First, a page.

“Bejewelled Treasures: The Al-Thani Collection” is evidence that time travel lies within the realm of possibility. Rewind to India, 17th century India where : turbans, ornaments, brooches, swords and clothing belonging to the Maharajas, were encrusted with pearls, emeralds, rubies, diamonds, and precious uncut stones. This was a time when the Nizams, sultans, and emperors of India commissioned luxury brands to design exclusive heirloom jewellery in a kundan style (kundan is a historic technique where diamonds and gems are embedded within a sheet of gold or platinum, and foil backing is used to “create a backless carpet of gold and gems.”) “The jewelled arts of India have fascinated me from an early age, and I have been fortunate to assemble a meaningful collection that spans from the Mughal period to the present day,” said His Highness Sheikh Hamad bin Abdullah Al-Thani of Qatar, a private owner of the Al-Thani collection.
Gold finial from the throne of Tipu Sultan inlaid with diamonds, rubies, and emeralds
Although the Al Thani collection reportedly belongs to the Qatari royal family, it has single-handedly been curated by Sheikh Hamad, who grew interested in Indian jewellery at the age of 27. Al Thani’s collection was showcased from 2015 to 2016 as part of London’s Victoria & Albert (V&A) Museum’s India Festival, in 2019 at San Francisco’s Legion of Honour; in 2018 at France’s Chateau de Fontainbleau, and in the Beijing Palace Museum. In a daytime heist in The Doge’s Palace, Venice, items from the collection were stolen while on exhibit - earrings, and a brooch made of platinum, diamonds, and rubies. The nearly 6000-piece collection consists of precious gems, turban adornments, ceremonial weapons, jewellery and ornaments belonging to Al-Thani, and avant-garde jewels by Paris jewellery designer JAR and Mumbai-based Viren Bhagat. A Bhagat-designed brooch is set with remarkable Golconda diamonds and precious stones, while the brooch made by JAR consists of an emerald, seemingly floating on white agate, in a quintessential Mughal frame.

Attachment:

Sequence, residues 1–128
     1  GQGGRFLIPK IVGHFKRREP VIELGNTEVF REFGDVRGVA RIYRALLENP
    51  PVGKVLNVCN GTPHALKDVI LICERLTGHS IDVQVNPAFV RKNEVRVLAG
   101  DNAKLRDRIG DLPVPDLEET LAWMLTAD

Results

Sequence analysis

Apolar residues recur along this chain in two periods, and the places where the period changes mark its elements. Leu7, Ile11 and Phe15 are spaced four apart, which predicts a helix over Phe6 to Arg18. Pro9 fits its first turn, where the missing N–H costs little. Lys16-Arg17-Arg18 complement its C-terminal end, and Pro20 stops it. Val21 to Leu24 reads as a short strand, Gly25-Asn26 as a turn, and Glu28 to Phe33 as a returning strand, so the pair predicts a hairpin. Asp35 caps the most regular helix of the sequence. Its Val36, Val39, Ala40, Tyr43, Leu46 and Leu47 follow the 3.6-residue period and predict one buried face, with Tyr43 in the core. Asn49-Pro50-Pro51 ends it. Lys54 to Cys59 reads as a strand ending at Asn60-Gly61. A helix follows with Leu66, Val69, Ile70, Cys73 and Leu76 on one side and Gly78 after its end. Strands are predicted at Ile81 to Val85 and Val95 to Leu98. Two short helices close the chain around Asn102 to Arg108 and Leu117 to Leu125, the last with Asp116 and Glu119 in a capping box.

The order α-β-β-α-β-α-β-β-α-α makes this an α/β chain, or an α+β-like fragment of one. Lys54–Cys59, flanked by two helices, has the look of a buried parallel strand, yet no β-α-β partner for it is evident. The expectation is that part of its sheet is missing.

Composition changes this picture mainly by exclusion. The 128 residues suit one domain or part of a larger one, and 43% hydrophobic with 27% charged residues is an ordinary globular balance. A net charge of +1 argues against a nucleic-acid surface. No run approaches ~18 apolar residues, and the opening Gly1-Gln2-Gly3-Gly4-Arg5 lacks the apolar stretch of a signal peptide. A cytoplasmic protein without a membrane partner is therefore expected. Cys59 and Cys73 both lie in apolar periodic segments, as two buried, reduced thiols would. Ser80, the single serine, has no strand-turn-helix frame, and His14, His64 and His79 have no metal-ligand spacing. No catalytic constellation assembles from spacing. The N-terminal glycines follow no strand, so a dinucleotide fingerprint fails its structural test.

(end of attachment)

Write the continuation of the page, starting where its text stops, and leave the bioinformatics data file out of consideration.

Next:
Diamond necklace: Originally in the collection of the Nizam of Hyderabad, one of the richest men in the world at the time, the magnificent Golconda diamond rivière necklace (circa 1890) has over 200 carats of highly prized Indian diamonds ranging in size from 9.9 to 24.38 carats
The Mughal dynasty ruled India from 1526 right up to the British rule starting in 1858. During this time, India was famous for its magnificent production of jewels and gemstones. With subsequent Mughal emperors and kings, Indian jewellery styles transformed, reflecting the zeitgeist, cultures, and traditions. Unlike their European counterparts, Indian monarchs or high-ranking aristocrats wore all the splendid jewellery on ceremonial occasions, another aspect that is deeply relevant in today’s context; wherein gender fluidity in dressing are significant topics of discussion. Wearing strands of pearls was customary for male rulers, a trend that eventually became a classic in a woman’s wardrobe.
A spectacular diamond turban ornament that was made in 1907 and later remodelled in 1935 with 152.6 carats of diamonds, and a spray of white feather.